SIS malfunction causes stress


Photo courtesy of Maeve Hennessy

Senior Erika Parker checks her grades on her phone. The SIS malfunction makes it difficult for students to keep track of their grades, leading to a lot of stress.

Maeve Hennessy, Scoop Editor

A lot of students who go to Fairfax County Public Schools (FCPS), and especially WS students, are categorized as “Type A.” This type of student is usually very competitive, time managed, and organized. In regard to school, “Type A” students usually care about their grades and want to know exactly what their grades are every second of the day.

Therefore the Student Information System (SIS) malfunction, which is occurring in some classes using the yearlong gradebook model, is a pretty big issue for not only these “Type A” students, but all students in FCPS who like to keep on top of their grades.

“It’s really upsetting because I’m a person who checks my SIS constantly because I want to know what I get on my tests,” said senior Erika Parker.

The cause of the problem can be traced back to FCPS middle schools who requested that SIS would not be opened before the first day of school because students were just looking at their online schedules without going to the open houses to turn in the required paperwork and to pick up their schedules. Unfortunately, SIS is county wide and cannot be personalized for each specific school, so the closed gradebook remains still closed for certain classes and fields due to technological malfunction, even at the high school level.

WS administration staff has already contacted the FCPS IT team and is waiting to hear back about the problem being solved, but it doesn’t change the amount of stress it has already given students.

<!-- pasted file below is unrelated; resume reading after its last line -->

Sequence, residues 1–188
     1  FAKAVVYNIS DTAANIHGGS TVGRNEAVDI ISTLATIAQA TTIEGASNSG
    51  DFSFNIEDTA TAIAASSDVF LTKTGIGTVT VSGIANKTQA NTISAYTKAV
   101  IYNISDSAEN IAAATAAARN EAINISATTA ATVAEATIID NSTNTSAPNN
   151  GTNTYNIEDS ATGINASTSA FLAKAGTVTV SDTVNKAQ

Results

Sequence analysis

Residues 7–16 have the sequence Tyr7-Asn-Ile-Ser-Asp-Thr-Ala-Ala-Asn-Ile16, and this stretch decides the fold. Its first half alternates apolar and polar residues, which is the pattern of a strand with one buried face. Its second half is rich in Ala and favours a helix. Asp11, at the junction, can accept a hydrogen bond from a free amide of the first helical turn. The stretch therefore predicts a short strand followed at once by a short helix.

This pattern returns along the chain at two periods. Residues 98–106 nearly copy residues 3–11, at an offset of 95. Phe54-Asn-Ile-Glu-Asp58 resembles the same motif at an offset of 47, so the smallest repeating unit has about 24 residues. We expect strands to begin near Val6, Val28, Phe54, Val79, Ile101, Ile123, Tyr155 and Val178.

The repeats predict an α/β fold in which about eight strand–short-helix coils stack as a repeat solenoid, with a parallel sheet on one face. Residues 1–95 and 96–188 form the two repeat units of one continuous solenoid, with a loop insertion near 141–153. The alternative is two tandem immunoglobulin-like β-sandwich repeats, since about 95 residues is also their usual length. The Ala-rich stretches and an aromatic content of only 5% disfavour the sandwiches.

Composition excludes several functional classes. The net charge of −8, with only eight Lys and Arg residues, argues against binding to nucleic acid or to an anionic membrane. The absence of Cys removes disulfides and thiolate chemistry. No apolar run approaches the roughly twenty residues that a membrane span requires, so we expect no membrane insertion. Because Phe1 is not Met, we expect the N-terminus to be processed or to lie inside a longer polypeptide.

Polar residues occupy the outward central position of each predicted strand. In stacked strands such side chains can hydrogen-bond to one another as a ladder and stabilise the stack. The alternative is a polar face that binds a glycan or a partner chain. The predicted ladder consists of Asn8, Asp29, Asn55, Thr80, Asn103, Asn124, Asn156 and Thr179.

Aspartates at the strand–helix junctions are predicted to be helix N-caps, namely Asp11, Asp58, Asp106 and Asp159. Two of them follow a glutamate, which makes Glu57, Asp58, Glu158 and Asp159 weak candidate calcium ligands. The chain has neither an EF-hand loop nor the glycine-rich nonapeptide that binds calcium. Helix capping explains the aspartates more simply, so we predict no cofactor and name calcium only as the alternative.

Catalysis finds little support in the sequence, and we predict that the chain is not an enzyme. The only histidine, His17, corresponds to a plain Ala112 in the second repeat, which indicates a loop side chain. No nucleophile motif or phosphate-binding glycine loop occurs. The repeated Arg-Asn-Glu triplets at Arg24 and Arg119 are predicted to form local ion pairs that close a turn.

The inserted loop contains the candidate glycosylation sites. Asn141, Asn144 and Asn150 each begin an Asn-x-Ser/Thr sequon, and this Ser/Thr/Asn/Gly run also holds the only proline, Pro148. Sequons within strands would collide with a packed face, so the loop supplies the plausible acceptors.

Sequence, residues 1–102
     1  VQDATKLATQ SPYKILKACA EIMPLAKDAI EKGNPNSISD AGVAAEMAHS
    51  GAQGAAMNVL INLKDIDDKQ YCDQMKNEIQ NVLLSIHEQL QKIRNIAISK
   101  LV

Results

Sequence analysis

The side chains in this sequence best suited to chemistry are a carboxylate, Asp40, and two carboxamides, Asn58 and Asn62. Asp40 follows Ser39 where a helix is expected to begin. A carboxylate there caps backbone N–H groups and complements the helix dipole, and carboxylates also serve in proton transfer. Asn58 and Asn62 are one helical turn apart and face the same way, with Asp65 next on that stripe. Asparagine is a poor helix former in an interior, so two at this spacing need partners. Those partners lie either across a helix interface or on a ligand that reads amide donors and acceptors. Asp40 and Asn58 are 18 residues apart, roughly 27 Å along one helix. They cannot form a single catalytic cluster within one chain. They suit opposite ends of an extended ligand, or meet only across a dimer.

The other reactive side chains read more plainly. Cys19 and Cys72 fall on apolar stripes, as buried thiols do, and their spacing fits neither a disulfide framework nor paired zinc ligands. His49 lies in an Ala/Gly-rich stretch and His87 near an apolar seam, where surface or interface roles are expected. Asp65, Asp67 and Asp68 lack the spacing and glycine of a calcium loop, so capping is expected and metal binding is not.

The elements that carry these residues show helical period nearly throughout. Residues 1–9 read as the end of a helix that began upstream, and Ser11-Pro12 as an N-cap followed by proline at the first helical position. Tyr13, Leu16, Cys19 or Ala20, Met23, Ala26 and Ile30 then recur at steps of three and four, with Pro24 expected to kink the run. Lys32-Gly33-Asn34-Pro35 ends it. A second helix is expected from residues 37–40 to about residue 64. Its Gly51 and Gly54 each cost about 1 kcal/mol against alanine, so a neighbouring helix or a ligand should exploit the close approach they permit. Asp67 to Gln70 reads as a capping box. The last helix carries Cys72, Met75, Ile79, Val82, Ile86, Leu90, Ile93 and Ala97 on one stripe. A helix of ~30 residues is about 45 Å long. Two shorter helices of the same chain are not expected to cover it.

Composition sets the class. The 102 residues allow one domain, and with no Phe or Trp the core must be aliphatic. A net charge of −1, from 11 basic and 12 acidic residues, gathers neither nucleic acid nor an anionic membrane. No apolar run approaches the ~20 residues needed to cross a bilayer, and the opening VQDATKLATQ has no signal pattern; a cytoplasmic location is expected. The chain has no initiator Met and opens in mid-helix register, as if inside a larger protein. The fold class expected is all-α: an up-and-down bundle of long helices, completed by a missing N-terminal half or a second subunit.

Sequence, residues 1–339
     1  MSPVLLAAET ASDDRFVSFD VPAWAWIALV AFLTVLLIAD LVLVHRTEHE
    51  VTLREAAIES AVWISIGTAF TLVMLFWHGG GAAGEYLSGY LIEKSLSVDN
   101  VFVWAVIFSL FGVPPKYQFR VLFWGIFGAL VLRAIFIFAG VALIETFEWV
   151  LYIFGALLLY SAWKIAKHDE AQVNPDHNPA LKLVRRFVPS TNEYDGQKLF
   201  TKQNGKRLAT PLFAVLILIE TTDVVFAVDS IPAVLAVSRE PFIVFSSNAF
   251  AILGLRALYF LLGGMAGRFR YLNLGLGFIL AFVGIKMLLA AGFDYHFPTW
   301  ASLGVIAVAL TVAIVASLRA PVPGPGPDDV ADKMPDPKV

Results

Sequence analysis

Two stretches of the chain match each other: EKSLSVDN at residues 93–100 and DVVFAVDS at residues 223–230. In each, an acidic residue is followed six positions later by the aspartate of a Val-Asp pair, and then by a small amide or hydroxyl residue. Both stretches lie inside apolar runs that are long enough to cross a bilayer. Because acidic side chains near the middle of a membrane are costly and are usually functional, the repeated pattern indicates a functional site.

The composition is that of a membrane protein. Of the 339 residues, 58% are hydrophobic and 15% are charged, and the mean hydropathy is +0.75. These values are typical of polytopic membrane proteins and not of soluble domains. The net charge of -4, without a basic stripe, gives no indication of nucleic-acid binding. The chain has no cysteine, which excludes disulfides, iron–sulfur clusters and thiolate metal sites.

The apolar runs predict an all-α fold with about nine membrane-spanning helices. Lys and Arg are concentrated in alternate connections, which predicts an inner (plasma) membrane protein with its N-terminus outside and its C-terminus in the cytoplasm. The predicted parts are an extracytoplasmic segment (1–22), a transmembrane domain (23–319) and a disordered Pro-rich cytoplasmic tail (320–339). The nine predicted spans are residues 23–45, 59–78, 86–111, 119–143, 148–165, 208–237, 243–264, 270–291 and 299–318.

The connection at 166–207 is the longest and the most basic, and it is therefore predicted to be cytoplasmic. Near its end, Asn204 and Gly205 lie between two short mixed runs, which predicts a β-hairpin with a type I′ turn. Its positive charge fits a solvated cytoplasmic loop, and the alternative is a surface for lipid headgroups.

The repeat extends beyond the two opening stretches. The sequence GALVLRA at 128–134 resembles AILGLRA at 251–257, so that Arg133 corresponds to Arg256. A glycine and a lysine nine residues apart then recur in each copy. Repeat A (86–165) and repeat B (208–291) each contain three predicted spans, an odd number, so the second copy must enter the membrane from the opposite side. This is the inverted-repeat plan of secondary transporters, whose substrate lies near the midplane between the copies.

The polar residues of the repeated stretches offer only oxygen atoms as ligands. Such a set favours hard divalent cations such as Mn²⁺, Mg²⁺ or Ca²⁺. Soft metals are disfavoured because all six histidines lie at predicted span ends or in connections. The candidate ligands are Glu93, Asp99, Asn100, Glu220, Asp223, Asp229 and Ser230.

“It causes a lot of extra stress, and at the same time I don’t know what I’m getting on my work, so I don’t know if whether I should change what I’m doing or not,” said Parker.

For seniors, knowing how well they’re doing in their classes is imperative for getting into college. Seniors need to know which grades they need to keep up, so they can meet the GPA requirements for certain schools.

“I’m very frustrated seeing how this is my senior year and the only grades that count senior year are first quarter [grades] and I can’t even why my grades are the way they are,” said senior Haleigh Morris.

While seniors may have college to worry about, juniors are in the midst of the hardest high school year. Many juniors are taking some of the most challenging courses at WS.

“It’s pretty aggravating due to the fact that most things that I have to turn in for AP Physics are online and we don’t know whether he’s actually seen it or gone through it or not, so I have to ask him [the teacher] about stuff every class which is such a pain,” said junior Tanvir Singh.

Kids are worried about how the rest of the year will go because of the rough start they have already experienced. However, teachers are confident that their students will rise to the occasion.

“Maybe it’s not such big deal in some subject areas but teaching juniors who are taking very rigorous classes, it is a little bit more stress on them; they work hard though, and it’s just taking that extra step to make sure everybody knows to find a way to work around it [the SIS malfunction],” said US History teacher Joanne Pendry.

WS Principal Michael Mukai understands the students’ concerns regarding SIS and their grades, but that’s not what he wants his students to take out of this situation.

“If you go and have a conversation with your teacher about your grade and they see you’re concerned about it they’re going to remember that- it’s really easy to fail a student ID number,” said Mukai.

Though it may seem like the biggest deal in the world to students right now, the administration wants to assure the student body that everything will be okay. The privileges of having grades at the snap of a finger is a 21st century luxury and is definitely not something our teachers had growing up.

“There was a time, long ago when the dinosaurs roamed the earth, where you couldn’t go online and check your grades,” said Mukai.